Volume 4, Issue 5 (May 2007)
Managing Aldicarb Application with GPS/GIS Systems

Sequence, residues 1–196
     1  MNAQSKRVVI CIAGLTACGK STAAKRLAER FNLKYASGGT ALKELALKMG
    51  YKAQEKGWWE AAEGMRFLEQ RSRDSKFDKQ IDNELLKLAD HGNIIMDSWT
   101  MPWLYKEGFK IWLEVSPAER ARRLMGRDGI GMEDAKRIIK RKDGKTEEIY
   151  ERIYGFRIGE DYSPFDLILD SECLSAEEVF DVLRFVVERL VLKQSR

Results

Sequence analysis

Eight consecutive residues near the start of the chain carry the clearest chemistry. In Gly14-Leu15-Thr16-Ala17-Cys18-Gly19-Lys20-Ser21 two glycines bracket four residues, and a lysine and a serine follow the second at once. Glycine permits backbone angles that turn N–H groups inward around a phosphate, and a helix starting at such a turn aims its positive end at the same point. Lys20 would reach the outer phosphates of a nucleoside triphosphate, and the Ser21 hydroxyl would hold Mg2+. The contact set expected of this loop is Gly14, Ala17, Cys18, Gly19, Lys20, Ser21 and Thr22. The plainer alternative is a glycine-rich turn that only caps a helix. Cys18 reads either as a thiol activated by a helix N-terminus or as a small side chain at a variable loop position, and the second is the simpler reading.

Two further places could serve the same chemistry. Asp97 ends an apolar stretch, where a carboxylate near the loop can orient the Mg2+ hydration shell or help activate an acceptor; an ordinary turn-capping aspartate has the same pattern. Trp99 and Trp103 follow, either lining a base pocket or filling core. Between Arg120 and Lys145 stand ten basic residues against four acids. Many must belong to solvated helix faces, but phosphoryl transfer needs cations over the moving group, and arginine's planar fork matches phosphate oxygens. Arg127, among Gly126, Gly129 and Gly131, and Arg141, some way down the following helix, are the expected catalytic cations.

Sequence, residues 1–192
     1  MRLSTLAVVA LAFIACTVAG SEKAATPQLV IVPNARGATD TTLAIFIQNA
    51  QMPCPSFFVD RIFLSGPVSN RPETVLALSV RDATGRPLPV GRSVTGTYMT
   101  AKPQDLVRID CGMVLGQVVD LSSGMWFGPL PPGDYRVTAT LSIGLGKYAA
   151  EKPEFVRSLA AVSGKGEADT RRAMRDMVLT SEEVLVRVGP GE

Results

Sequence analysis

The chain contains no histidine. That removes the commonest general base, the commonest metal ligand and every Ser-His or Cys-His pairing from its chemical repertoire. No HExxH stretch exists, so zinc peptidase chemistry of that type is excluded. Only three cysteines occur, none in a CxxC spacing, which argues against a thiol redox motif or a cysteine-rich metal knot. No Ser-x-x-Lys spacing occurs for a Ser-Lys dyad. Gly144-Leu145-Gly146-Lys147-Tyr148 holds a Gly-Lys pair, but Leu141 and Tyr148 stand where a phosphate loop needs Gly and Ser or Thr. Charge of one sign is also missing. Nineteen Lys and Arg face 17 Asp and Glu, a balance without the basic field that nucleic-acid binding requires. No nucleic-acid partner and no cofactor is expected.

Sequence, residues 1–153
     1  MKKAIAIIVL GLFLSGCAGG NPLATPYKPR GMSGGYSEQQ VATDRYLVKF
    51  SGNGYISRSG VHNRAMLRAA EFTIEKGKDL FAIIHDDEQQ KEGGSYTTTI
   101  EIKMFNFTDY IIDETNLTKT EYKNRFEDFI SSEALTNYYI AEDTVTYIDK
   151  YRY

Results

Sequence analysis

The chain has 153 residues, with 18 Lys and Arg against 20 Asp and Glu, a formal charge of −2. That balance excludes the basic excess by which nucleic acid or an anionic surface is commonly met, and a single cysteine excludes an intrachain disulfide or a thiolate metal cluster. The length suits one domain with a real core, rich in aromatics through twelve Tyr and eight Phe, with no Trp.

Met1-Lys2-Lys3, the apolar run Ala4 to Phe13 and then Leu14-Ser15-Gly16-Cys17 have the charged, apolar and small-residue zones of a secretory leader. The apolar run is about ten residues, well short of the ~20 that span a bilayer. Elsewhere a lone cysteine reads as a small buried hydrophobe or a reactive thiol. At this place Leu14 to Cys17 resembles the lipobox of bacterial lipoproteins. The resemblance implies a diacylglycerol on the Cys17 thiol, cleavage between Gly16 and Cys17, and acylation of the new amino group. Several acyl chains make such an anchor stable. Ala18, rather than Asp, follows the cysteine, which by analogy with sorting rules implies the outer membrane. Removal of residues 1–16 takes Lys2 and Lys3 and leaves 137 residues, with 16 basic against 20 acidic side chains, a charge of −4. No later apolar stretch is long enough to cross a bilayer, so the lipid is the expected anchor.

Aldicarb is a soil-applied pesticide that is widely used to control certain insects, mites, and nematodes of citrus and other crops. However, due to its high toxicity and leaching potential into groundwater, many states regulate its application. In Florida, aldicarb applications require a 91.4-m buffer zone around all drinking water wells and 304.8 m around wells located in certain sandy soils. To positively control and monitor the discharge of aldicarb in field conditions, the feasibility of using several electronic control systems on the granular applicator was investigated. The project involved fabricating a prototype machine that featured both ground- and motor-driven mechanisms commonly used in commercial aldicarb applications. A ground-driven power train operated one-half of the metering wheel through an electric clutch and a pulse-width modulation (PWM) motor powered the other half. The machine was equipped with various controllers and electronic circuits. Three DGPS-based approaches were considered. The first level consisted of a DGPS antenna and a low-cost data logger. It could provide records including position information (latitude and longitude) and status of the PWM controller and electric clutch (ON/OFF of the discharge system) for monitoring purposes. The second system (mid-range cost) utilized a hand-held computer and variable-rate-application (VRA) software to input prescription maps and provide an operator real-time screen interface. With this system, it was possible to provide ON/OFF control of both discharge drives and generate as-applied maps. The third level (highest-cost) involved the use of a more sophisticated VRA controller comprising modular components and CAN bus system. It allowed detailed operator-machine interface and could input variable rate maps and output information on application rate, acreage, and total material usage. The paper elaborates on the above technology solutions and provides test results of their evaluation under simulated field conditions. Each system had certain merits and limitations but all were capable of providing useful temporal and spatial information for aldicarb application.